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I am following Pattern Recognition and Machine Learning and trying to implement Bayesian linear regression with unknown mean and variance, so that the posterior is given by a Normal-Gamma distribution $NG(w,\beta\mid w_0,\Lambda^{-1},a,b)$

I update the precision matrix by $\Lambda = \Lambda_0 + X^TX$, the weights by $w = \Lambda^{-1}(\Lambda_0w_0 + X^Ty)$, the shape parameter by $a = a_0 + \frac{n}{2}$, and the rate parameter by $b = b_0 + \frac{1}{2}\sum_i{(y_i - w^Tx_i)^2}$

After fitting the parameters to a simple polynomial curve, I then use the parameters to sample from the predictive distribution given by a Student's t-distribution in Python like so, where the variance according to the book should be equal to $(\beta\Lambda)^{-1} = (\frac{a}{b}\Lambda)^{-1}$

x1 = np.linspace(left, right, 250)
chol = np.linalg.cholesky(np.linalg.inv(posterior.L * (posterior.a / posterior.b)))
for k in range(100):
    w_s = np.dot(chol, np.random.standard_t(2. * posterior.a, size=len(posterior.w))) + posterior.w
    y1 = w_s[3] * x1**3 + w_s[2] * x1**2 + w_s[1] * x1 + w_s[0]
    plt.plot(x1, y1, color='red', alpha=0.2)

However, the sampled lines do not seem right as they are far too narrow given the data as you can see here (blue dots are the data that is being fit to, the green line is the maximum a posteriori, and the red lines are the samples)

enter image description here

For some reason I had the intuition to remove the $a$ from the variance term, so that it is instead given by $(\frac{1}{b}\Lambda)^{-1}$, like so

chol = np.linalg.cholesky(np.linalg.inv(posterior.L / posterior.b))

After doing that, the samples actually seem to make sense

enter image description here

But I'm at a loss as to why. I'm sure it's something obvious, but my brain doesn't seem to want to help me. Can anyone point it out to me? Thanks.

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I reproduced the results, using the wikipedia page at https://en.wikipedia.org/wiki/Bayesian_linear_regression as a guide, instead of Pattern Recognition, and I got the exact same results, eg for 25 samples:

enter image description here

The full jupyter notebook (mostly using torch, rather than numpy, just a bit of numpy for the gaussian/IG sampling), is at https://github.com/hughperkins/pub-prototyping/blob/f1398e2244aa74da914534e26a3c164823d52f5c/maths/bayesian_linear_regression.ipynb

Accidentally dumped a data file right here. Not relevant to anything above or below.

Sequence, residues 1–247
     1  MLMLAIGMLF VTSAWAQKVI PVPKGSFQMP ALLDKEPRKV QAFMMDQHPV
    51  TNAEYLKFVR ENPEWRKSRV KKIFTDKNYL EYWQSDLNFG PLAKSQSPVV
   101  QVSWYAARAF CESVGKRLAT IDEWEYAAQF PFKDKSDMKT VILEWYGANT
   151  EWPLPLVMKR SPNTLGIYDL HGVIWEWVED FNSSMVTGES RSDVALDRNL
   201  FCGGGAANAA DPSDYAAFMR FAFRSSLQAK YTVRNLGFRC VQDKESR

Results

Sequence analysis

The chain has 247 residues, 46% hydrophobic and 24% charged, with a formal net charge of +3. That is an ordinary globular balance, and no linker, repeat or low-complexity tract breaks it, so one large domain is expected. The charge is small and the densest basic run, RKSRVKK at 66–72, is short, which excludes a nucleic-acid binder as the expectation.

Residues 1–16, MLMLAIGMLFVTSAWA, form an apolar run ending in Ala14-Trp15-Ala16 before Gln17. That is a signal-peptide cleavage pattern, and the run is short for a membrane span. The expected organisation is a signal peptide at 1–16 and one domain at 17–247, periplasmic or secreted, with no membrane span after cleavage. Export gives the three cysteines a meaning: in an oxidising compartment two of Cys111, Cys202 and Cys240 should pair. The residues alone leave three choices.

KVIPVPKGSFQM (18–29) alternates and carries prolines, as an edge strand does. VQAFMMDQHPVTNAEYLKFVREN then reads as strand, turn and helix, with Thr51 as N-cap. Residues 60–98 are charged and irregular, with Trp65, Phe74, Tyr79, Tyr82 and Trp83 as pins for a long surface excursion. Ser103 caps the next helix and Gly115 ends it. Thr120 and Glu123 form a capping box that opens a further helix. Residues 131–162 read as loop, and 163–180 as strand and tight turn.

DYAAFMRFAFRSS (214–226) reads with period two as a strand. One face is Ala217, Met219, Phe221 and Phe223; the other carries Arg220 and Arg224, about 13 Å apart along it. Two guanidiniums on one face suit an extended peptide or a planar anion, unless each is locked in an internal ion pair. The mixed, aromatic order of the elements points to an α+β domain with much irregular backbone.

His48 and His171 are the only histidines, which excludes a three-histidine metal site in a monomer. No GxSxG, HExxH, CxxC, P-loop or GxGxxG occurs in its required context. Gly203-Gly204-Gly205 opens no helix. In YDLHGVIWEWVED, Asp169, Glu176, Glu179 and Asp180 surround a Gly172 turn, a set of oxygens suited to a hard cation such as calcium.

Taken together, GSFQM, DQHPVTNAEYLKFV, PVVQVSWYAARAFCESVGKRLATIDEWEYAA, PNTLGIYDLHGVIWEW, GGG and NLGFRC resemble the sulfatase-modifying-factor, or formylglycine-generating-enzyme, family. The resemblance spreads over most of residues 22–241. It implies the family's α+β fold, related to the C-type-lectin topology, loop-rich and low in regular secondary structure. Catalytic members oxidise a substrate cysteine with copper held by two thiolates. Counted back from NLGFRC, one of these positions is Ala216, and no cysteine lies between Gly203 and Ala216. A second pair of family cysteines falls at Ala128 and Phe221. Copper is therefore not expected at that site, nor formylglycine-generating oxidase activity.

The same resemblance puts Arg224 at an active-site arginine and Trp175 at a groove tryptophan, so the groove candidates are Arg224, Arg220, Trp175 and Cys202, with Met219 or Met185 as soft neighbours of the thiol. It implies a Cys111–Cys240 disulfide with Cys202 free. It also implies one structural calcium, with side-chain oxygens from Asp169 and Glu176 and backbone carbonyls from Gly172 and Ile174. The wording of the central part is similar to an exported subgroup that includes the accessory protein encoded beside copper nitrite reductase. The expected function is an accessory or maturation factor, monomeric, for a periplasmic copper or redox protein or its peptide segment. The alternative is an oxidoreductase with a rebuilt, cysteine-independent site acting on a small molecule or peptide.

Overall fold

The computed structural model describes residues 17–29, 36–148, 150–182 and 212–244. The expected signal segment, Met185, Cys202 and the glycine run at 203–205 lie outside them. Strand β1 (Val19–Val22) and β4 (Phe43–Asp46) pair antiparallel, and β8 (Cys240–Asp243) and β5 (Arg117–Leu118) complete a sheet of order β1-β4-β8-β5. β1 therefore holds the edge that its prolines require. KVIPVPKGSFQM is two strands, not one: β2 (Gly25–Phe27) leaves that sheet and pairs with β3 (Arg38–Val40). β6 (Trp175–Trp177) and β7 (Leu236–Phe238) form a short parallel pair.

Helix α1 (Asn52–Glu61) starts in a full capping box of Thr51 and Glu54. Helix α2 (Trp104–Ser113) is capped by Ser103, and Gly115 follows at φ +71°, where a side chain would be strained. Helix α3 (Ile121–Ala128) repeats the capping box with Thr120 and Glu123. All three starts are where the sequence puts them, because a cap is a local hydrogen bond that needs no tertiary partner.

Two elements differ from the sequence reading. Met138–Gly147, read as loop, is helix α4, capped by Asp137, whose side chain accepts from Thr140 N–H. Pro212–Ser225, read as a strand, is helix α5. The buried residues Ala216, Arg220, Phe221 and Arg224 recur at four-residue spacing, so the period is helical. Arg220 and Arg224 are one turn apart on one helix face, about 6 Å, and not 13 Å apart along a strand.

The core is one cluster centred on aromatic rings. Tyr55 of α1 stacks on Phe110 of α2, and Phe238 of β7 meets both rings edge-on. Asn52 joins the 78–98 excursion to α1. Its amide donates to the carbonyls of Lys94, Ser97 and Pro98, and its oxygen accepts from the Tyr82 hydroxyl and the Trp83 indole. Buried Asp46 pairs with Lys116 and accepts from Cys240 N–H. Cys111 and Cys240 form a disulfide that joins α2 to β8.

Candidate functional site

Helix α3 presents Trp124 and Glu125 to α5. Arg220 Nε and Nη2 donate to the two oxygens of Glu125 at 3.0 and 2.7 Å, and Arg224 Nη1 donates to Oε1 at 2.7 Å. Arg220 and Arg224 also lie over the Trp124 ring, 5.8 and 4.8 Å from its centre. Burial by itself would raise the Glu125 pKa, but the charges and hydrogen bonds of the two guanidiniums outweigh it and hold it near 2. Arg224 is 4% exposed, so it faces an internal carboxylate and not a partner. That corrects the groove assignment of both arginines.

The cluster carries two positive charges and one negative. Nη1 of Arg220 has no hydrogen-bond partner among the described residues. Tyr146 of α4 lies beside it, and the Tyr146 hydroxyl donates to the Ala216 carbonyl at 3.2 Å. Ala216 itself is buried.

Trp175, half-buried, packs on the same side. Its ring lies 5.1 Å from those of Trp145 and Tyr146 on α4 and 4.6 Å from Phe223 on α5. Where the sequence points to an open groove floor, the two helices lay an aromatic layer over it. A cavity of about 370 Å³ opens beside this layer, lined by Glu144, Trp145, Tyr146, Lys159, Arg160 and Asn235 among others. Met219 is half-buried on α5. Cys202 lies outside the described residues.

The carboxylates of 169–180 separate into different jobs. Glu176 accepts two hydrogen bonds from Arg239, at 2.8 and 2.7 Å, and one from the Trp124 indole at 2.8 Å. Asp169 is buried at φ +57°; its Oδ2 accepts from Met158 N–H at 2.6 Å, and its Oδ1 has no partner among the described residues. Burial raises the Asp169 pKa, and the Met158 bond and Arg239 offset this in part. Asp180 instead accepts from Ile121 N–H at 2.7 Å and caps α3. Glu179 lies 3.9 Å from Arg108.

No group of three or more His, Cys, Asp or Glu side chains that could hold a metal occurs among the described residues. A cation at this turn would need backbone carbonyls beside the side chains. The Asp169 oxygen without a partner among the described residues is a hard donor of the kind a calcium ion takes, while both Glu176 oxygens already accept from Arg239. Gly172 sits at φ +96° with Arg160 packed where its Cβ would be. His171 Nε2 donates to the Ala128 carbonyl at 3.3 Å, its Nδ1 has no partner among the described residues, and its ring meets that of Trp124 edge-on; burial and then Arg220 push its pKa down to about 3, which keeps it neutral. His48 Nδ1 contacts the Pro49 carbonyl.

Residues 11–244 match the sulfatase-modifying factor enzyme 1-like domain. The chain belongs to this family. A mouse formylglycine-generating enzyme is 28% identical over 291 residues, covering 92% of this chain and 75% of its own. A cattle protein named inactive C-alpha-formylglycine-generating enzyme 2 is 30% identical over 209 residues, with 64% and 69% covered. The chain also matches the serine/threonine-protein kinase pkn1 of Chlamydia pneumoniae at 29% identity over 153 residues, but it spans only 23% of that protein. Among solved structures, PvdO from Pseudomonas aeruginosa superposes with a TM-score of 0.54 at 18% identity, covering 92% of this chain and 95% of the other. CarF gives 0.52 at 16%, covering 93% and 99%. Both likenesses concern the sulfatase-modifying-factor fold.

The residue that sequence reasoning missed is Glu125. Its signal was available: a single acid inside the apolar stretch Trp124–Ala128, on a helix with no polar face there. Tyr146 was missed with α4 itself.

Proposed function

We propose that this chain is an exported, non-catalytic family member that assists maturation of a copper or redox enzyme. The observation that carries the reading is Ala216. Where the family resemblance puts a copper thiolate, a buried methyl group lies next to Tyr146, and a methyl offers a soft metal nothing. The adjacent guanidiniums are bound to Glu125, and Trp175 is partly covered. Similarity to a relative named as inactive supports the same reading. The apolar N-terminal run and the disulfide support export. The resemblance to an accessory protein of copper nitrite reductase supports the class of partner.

I hypothesized that it's not that the results are wrong/incorrect, but that given these data, the most probable lines are actually fairly well centred between the points. It would seem more probable that the mean line is fairly central, with just highish variance, than that the line passes through some of the outliers, perhaps?

To test this hypothesis, I tried with just 7 results, and the lines were more varied, and looked fairly plausible to me:

enter image description here

So, I'm going to say that, given we both independently worked through the formulae, from independent sources of formulae, and writing the code entirely from scratch, and get the same results, that:

  • the results are in fact correct
  • given the number of points we have in your example, and my first example, the most likely mean lines are in fact fairly well centred between the points
  • if you want to see lines that vary more, then you might need to reduce the number of points perhaps? As per my second example

tldr: your code and results seem correct, as far as I can see

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  • $\begingroup$ Thanks for taking the time to reproduce the results from scratch. I think it makes sense to me now - for some reason I had it in my head that the predictive distribution for w would be influenced more heavily by the variance of y, but after reading your answer and thinking about it more that wasn't a correct assumption. $\endgroup$ – rojmor Oct 8 '17 at 22:14

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